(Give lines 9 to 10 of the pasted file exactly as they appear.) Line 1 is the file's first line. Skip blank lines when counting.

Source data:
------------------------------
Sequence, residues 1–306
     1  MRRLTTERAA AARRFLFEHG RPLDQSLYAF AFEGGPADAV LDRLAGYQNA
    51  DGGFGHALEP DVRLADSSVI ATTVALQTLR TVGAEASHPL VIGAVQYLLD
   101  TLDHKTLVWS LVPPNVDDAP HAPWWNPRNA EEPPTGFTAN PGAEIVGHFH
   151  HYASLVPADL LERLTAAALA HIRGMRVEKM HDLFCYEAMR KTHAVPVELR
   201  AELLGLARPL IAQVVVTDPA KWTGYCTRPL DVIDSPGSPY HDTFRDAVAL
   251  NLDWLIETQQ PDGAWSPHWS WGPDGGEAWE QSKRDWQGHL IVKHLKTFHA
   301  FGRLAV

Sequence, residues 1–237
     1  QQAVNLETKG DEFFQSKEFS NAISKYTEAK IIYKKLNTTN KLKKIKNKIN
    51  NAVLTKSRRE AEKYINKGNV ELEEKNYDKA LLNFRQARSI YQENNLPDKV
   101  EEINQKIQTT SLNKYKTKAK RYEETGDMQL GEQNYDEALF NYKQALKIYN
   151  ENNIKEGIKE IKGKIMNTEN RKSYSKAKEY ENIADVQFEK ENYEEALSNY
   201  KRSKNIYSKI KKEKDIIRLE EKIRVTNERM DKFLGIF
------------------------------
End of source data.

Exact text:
Sequence, residues 1–237
     1  QQAVNLETKG DEFFQSKEFS NAISKYTEAK IIYKKLNTTN KLKKIKNKIN